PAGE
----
The Do-Good Marketer
Campaigns with a higher purpose are enabling brands to make real—potentially profitable—connections with conscious customers.
Today's marketers are learning to sell products by selling shared values.
Consumers aren't the only ones benefiting from do-good marketing; brands can meet a number of internal goals through value-based marketing. Watts says forward-thinking companies are doing just that, reaching a myriad of goals from image repair to revenue generation. She cites several brands that are doing it well, including American Express, with its small business initiative; GE, which markets its tech innovation intended to make the world a better place; and BP, for its major environmental initiatives—no doubt meant to repair its tarnished image after the 2010 Gulf oil spill. “It's not just meant to sell your product and build revenue,” Watts says. “It can help further push positive reputation, which of course will then lead to more sales.”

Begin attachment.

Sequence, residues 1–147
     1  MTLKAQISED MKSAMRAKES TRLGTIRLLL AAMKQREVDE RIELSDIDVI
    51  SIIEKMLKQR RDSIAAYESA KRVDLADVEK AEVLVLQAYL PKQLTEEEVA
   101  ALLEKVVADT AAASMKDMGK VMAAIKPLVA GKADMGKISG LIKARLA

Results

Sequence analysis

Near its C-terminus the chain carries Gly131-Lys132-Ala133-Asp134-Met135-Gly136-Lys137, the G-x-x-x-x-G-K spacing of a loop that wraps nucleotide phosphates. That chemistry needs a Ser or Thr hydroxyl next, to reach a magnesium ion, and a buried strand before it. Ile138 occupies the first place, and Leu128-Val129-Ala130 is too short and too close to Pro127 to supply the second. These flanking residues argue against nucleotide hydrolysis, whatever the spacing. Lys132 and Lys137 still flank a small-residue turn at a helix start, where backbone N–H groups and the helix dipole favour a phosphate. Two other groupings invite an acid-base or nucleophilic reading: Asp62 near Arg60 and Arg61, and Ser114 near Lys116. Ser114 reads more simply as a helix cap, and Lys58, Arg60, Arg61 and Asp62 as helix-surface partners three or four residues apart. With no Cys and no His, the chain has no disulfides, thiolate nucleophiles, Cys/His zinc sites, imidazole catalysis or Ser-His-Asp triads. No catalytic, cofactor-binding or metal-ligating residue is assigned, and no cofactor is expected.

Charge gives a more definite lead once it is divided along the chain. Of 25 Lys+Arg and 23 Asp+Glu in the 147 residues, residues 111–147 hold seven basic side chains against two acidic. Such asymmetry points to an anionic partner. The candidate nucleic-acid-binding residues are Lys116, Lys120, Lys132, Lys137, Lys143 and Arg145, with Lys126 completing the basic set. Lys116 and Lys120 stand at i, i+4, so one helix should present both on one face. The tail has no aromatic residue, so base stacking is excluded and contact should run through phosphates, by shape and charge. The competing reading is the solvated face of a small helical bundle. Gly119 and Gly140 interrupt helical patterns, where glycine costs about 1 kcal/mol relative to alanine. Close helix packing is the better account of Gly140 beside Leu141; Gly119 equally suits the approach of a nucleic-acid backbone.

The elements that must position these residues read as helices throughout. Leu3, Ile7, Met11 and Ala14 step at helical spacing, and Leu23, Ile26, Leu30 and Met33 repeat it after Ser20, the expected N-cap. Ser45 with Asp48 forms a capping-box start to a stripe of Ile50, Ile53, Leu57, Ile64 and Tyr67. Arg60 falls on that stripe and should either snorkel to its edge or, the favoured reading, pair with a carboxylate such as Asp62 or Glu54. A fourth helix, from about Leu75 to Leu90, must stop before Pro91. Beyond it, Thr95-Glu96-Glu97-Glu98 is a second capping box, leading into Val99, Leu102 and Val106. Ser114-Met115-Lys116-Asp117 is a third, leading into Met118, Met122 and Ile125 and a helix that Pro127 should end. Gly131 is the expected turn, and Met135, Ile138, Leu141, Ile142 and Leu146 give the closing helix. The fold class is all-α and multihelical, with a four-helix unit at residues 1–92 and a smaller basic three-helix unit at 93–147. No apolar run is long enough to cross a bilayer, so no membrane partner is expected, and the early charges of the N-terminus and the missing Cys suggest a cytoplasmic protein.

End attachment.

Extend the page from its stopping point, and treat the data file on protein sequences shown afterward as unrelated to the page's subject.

Other brands known for their purpose marketing include Kashi (sold by Kellogg), Whole Foods, TOMS, charity: water, Alternative Apparel, and more recently Always, with its recent and popular “Like a Girl” campaign that challenges traditional stereotypes of girls and women. Watts says if shoppers feel that companies are doing the right thing, brands will see the positive effects in their revenue. “Bottom line: Brand value translates to sales,” she says.
A cheat sheet for making smart food choices... HERE: http://t.co/h8AISD0wai— Whole Foods Market (@WholeFoods) July 22, 2014
So one question remains: How can marketers begin to build out value-based campaigns? Watts says they must create a campaign from the inside out. “If you think of any relationship, including one with potential customers, you wouldn't change who you are to attract someone,” she explains. “You need a relationship based on authenticity. So craft something based on your own values, rather than just to seem more appealing.”
Of course, social marketing isn't the only effective way to campaign, but Watts says that in today's marketing landscape purpose-driven is now the status quo: “Every company that wants to survive needs to walk the walk,” she says.